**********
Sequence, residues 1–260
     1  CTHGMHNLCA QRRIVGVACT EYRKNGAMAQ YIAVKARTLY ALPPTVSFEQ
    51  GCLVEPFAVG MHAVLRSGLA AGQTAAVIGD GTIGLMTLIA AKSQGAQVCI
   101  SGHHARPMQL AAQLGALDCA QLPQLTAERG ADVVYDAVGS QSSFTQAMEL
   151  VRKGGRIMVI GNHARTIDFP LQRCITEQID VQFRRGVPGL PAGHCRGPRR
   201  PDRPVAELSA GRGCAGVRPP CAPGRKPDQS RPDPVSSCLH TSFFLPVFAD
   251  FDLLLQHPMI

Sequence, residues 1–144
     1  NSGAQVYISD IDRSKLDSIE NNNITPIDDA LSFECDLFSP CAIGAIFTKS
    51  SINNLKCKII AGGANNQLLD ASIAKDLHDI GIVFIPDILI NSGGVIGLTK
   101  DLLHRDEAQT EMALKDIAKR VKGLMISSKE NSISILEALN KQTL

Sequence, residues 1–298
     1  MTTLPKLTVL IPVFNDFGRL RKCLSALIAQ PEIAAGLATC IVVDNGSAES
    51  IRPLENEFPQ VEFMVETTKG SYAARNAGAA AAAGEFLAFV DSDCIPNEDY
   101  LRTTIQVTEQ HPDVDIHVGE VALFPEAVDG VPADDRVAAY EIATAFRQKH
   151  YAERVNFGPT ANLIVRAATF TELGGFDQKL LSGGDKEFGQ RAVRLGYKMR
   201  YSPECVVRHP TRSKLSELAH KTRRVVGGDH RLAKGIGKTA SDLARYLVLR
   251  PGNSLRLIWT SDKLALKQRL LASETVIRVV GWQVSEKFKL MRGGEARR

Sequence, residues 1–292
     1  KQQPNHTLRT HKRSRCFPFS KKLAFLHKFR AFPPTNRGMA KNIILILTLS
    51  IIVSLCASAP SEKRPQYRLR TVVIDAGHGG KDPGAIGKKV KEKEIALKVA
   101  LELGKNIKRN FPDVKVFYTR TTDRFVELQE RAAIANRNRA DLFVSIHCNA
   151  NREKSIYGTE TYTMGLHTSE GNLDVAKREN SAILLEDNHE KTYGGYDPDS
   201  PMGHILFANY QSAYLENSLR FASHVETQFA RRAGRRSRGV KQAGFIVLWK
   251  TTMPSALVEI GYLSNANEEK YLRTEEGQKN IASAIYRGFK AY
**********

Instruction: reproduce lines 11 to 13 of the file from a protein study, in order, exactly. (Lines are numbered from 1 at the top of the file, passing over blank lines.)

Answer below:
   101  DLLHRDEAQT EMALKDIAKR VKGLMISSKE NSISILEALN KQTL

Sequence, residues 1–298
     1  MTTLPKLTVL IPVFNDFGRL RKCLSALIAQ PEIAAGLATC IVVDNGSAES